This anecdote shows that the things taught by biologists resemble the rules which govern the organization of a laboratory. These prescribe the specified place where each reagent shall be kept, the specified occasions when the stock is to be replenished, the specified sources from which new supplies are to be obtained, the specified ways in which waste and surplus materials are to be disposed of. Similarly, biology students are told of the specified requirements met in the organic world. They are told that there shall be glucose in muscles, phosphorus in the brain, calcium in bones; that the glucose shall be replenished from a stock of glycogen in the liver and that oxygen shall be obtained via the lungs; that waste products shall be eliminated through the appropriate excretory organs.

Biologists can tell us of specific requirements which govern the heating and ventilation of an organism, which control the timetable of its various functions, which ensure that its system shall be ready to receive new stocks of material at the proper moment. And they can tell us what will happen when there is a departure from the normal. They find, for instance, that it is fatal to prevent the skin from perspiring freely, that a goitre may form if iodine is not in its specified place, that absence of vitamins results in various deficiency diseases. They find, in fact, that interference with the specification laid down for the behaviour of living matter has consequences analogous to those which would result in a laboratory if the exhaust flues were not kept open when needed, if materials were not requisitioned in time, and if the bottles were allowed to become disarranged.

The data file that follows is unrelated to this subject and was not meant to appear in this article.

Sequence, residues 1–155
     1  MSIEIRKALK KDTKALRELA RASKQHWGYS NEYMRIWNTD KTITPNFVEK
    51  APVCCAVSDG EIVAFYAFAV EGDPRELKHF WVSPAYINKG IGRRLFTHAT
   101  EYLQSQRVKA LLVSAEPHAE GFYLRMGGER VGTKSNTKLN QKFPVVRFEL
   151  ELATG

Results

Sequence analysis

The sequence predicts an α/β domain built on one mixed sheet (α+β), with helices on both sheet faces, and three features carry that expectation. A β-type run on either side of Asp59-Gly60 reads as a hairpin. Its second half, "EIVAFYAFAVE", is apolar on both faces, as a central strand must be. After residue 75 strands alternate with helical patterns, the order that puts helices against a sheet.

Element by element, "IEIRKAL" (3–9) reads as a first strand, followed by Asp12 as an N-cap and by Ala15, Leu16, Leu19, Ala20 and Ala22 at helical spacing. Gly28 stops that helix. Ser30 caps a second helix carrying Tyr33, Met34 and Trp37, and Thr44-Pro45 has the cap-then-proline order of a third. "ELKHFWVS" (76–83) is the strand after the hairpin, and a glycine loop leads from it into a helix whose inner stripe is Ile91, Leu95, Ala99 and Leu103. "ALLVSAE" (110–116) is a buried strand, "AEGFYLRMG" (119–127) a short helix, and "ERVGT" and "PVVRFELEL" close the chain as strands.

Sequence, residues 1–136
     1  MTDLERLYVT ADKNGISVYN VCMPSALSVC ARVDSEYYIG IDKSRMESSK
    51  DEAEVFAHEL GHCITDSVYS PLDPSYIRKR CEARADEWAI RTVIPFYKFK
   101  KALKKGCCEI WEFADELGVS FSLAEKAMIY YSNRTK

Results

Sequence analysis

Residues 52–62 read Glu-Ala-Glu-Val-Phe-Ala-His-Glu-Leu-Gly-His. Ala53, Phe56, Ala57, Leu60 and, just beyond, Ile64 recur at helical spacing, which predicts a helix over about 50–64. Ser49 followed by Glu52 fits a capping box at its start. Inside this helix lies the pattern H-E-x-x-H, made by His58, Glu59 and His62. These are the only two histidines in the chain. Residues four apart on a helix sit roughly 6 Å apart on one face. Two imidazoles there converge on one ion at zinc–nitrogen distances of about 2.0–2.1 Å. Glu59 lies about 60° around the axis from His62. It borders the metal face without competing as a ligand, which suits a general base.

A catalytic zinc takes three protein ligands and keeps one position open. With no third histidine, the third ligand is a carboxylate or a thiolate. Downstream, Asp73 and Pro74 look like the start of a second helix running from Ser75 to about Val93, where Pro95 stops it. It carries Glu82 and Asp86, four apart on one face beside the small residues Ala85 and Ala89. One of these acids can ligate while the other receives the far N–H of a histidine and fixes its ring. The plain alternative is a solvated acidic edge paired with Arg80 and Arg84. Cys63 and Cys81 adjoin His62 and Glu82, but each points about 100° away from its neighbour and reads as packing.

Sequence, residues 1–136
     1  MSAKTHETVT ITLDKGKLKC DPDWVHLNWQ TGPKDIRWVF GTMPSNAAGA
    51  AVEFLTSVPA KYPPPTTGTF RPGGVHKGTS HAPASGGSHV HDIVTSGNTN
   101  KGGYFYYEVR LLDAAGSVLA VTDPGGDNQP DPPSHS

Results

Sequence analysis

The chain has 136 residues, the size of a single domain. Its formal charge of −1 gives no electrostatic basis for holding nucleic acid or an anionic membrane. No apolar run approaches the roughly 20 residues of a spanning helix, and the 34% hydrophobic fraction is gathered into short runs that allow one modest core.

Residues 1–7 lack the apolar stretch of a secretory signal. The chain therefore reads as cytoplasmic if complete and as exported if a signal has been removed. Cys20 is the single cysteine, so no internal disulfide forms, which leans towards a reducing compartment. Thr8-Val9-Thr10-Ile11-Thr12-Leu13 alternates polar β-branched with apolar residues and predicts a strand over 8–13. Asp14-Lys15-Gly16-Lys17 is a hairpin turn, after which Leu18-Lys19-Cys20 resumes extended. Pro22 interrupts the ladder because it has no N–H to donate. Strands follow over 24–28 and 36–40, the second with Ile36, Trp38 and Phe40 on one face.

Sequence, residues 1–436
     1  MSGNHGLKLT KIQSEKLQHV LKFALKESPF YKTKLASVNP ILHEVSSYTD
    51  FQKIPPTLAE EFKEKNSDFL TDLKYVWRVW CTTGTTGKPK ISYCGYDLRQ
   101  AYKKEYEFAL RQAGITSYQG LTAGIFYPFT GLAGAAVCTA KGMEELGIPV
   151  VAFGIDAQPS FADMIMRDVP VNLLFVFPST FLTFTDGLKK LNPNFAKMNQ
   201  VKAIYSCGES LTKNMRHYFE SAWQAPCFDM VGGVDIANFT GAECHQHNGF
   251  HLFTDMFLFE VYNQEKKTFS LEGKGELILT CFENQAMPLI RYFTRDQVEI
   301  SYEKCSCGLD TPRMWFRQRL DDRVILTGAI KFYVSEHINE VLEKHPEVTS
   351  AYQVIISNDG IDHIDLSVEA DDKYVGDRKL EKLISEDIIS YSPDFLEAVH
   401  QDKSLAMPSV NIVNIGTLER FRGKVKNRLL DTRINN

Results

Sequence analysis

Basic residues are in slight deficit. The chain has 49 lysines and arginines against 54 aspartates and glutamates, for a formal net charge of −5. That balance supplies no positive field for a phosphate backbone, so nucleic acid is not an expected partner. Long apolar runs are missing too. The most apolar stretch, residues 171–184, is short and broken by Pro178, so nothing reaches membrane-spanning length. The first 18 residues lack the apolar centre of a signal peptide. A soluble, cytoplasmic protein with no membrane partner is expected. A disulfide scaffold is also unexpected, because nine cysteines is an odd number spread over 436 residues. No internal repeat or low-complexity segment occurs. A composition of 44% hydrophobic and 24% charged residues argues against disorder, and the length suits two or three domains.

Hence much of the work of biologists is devoted to the discovery of the specified requirements for each organism and each type of tissue. Pioneers like Leonardo da Vinci have pointed the way to the proper method. It is to examine normal structure, normal processes, normal behaviour and to draw therefrom, conclusions as to the nature of the specification. As more and more detail is discovered, this can be transcribed more and more fully into words and drawings.

In the course of their work biologists have found some variation from individual to individual. They conclude that the specification for the species does not contain complete requirements for every detail but allows some latitude, just as the specification for a machine allows certain limits of tolerance. These limits vary both in engineering and in biology. The latitude allowed to the shape of a tree is, for instance, great while that allowed to the hydrogen-ion concentration of the blood is small.

It is often of practical importance to know what departures from the average may occur in normal individuals. So the biologist's task is not completed when he has studied one individual only. His method is to examine a large number and to note carefully all variations between them. Only then is he satisfied that he knows enough about the specification to make predictions with confidence.

The biologist-philosopher may argue that physicists sometimes follow a similar method and he may infer from this that physicists believe in the reality of specifications for the inorganic world just as much as biologists do for the organic world. We have met this suggestion and shall have to dispose of it later. But not in the present chapter. Here we are concerned with the methods and convictions of biologists only, not with those of physicists.

We will therefore be content to show, in conclusion, that the biologist's method leads to successful predictions which would be inconceivable if there were no specifications. To do this we will contrast the means available for predicting the future configuration of any system of moving particles when there is no specification with the means available when there is one.